To help prepare for meditation on the chakras, the sadhaka should first color the images of the chakras to establish them in the mind's eye. Then once one has colored the images, they are retained in the mind and internal visualisation becomes easy.
Thus working with the first chakras also includes working with Brahma and Ganesha. The second chakra is related to Vishnu and the Rakini Shakti. Third chakra meditation involves Rudra (a form of Shiva) and Lakini Devi, a compassionate form of Kali. Fourth is related to Ishana Rudra Shiva, a symbol of detached happiness. The doorkeeper of this chakra is Kakini Shakti and it is also here that the Kundalini Shakti appears for the first time. In the fifth chakra, the deity is Panchavakta Shiva, a combination of all Shiva energies. The doorkeeper is Shakini, the embodiment of purity. In the sixth chakra, Shiva and Shakti merge into Ardhanarishvara, half male, half female. The doorkeeper is the goddess Hakini, an aspect of the Kundalini Shakti. In the seventh chakra Kameshvari and Kameshvara should be meditated upon, Shiva and Shakti, the Lord and goddess of desires, seated upon a lotus in eternal embrace.
As an example of excellence, meditating on Kameshvari and Kameshvara stops the natural downward flow of nectar (amrit). Thus the upward flow of energy is enhanced, enabling the yogi to stay in the Brahma Randhra or Shunya Mandala (void center), the hollow space between the twin hemispheres. He or she who thus stops the downward flow of nectar becomes immortal in the phsyical body. He or she thus remains forever young, enjoying eternal bliss through the union of Shiva and Shakti, the ultimate goal of Kundalini Yoga.
Using paintings in tantric worship
Paintings and sculptures of deities are an essential part of the Hindu worship known as Puja (or Pooja). In temples or home shrines, one finds images of many gods and goddesses that are worshipped on a daily basis. Many different kinds of tantric worship and puja exist, in which meditation on the yantra, painting or sculpture of the deity is just a part.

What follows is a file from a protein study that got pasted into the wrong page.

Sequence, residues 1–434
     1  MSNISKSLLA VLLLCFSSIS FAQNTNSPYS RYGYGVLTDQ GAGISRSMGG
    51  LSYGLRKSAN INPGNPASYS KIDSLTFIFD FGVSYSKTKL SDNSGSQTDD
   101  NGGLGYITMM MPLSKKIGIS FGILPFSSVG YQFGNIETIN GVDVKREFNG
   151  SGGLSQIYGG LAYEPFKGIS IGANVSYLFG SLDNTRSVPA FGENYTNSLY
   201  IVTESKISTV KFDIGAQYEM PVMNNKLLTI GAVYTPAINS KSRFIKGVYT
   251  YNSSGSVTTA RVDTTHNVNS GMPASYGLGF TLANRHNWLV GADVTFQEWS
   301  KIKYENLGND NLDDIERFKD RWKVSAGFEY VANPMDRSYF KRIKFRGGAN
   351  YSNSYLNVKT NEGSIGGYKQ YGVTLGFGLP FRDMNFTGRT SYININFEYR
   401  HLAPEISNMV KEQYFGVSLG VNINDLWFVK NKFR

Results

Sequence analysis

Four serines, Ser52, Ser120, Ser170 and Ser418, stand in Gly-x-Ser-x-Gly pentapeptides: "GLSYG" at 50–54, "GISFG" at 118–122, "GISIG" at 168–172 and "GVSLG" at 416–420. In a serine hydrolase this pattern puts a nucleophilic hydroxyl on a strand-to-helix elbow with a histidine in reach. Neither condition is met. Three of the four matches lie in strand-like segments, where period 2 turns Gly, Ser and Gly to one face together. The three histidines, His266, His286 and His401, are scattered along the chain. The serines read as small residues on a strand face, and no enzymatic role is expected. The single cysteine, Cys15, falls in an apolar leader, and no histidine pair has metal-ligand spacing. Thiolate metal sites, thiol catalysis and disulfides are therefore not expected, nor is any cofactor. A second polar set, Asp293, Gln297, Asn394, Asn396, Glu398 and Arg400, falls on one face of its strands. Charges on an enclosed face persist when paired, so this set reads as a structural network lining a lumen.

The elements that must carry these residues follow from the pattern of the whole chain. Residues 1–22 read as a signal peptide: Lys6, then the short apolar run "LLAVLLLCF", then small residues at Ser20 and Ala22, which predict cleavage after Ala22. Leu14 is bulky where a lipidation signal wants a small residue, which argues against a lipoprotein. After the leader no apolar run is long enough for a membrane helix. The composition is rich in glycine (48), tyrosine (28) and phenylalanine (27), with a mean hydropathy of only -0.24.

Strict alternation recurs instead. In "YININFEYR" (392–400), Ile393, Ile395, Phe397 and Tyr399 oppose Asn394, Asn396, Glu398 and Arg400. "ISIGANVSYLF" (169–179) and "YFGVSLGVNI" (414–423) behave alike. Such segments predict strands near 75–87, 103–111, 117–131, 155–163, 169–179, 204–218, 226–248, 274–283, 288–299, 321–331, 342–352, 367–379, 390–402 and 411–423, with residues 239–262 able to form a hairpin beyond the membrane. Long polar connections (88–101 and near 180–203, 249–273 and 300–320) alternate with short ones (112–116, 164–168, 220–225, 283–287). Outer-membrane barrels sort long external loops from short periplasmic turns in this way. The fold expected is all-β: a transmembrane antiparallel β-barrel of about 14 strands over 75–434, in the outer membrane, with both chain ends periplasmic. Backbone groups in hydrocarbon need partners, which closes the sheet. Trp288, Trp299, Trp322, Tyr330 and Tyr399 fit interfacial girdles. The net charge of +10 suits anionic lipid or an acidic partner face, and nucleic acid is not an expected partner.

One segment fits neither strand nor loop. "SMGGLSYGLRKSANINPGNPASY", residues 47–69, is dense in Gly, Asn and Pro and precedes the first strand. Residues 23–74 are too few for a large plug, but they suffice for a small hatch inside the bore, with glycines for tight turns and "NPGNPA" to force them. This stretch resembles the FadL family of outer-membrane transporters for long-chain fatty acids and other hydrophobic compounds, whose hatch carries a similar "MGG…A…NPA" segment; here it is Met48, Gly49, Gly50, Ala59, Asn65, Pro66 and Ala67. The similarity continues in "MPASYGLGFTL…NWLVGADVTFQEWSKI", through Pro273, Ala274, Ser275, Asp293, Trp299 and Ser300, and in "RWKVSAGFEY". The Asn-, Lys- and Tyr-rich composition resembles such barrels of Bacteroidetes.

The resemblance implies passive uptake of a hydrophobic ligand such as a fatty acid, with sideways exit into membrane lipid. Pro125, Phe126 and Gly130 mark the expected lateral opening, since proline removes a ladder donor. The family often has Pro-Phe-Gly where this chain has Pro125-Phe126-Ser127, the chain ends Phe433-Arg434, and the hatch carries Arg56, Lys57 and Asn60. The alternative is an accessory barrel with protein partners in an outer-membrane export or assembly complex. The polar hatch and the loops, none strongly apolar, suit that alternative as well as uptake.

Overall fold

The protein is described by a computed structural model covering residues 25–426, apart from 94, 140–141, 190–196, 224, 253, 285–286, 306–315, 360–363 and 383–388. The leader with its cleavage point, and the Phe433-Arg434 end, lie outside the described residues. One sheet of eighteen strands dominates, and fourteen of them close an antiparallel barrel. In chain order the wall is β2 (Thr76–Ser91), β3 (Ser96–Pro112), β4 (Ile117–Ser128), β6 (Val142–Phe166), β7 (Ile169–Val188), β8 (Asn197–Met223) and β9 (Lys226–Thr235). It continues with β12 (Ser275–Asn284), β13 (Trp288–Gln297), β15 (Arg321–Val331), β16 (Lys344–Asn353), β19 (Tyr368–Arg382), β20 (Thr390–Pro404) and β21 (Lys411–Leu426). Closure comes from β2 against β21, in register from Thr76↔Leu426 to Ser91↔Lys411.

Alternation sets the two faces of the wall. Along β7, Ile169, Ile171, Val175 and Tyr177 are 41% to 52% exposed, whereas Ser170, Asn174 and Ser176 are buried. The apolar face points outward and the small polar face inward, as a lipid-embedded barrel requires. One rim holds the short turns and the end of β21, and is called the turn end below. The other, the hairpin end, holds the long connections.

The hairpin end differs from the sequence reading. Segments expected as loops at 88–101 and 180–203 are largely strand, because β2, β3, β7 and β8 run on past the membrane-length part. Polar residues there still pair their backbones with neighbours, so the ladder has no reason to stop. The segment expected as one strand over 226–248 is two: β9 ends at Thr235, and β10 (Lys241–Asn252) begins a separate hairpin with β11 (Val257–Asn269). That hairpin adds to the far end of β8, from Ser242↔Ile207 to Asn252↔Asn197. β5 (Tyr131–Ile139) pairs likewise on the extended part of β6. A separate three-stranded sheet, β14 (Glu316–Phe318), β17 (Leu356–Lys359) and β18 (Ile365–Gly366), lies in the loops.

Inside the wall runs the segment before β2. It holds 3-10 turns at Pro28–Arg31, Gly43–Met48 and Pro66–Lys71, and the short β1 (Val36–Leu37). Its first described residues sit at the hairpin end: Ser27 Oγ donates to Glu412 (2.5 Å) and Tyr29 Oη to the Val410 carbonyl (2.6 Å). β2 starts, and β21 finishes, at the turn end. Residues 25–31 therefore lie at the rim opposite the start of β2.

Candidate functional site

Many kinds of worship are prescribed according to the nature of the aspirant and the objectives of the worship. The sadhak is free to choose a deity or yantra, whichever triggers him or her emotionally. He or she has a multitude of gods and goddesses to choose from. Each represents an aspect of the divine or of the spiritual path.
Worship of Lord Ganesha is one of the unique features of tantric sadhana. The external image of Ganesha is charming and attractive, although not acceptable to the rational mind. Worshiping Ganesha quiets the left hemisphere and enables worship to be performed without obstacles. The greatest of all obstacles is our own doubt, which weakens faith and blocks worship as the path of spiritual evolution. Removing that doubt is the purpose of worshipping Ganesha at the start of any tantric worship.
The worship should begin with purification. Visualisation should be practiced only when one's breathing does not interrupt ones' concentration, so breath controll excercises (pranayama) should be done before visualisation.
For many, visualisation is not easy. Painting deities and yantras and then using those paintings in visualisation is the easiest way to develop the practice of more abstract visualisation, which in time will lead to deep meditation.
Effects of paintings without meditation
Even if paintings of deities are not directly used in meditation, they can be usefull far beyond the purely decorative effect. Having them around subtle affects one's mind and keeps one in a more spiritual mood. Especially if one knows the stories that explain their symbolised energies, these paintings become real friends. They can lift ones' mood in the blink of an eye. Subtle effects can be very powerful triggers to changing how one feels. As symbols of perfection, deities usually make a better case than most mortals.
Paintings of deities should preferable be hanged into relatively clean and pure places. Giving these paintings proper respect, keeping them clean and clear, is act of worship already. Small offerings of flowers, insense, etc... contribute to creating a spiritual athmosphere around the painting and deepening our relationship with the divine within and without. Inviting paintings of deities in ones home, means subtly inviting their energies as well.
Sanatan Society is an international networking association of students of the late Harish Johari, joining efforts to promote his teachings of yoga philosophy, tantra, worship, art and love. Sanatan Society stands for the original, universal and eternal truth, path or law of yoga. Though it is Hindu in origin, Sanatan Society is not limited to any religion, race, time or country, nor in fact to any particular organisation. More about Sanatan Society...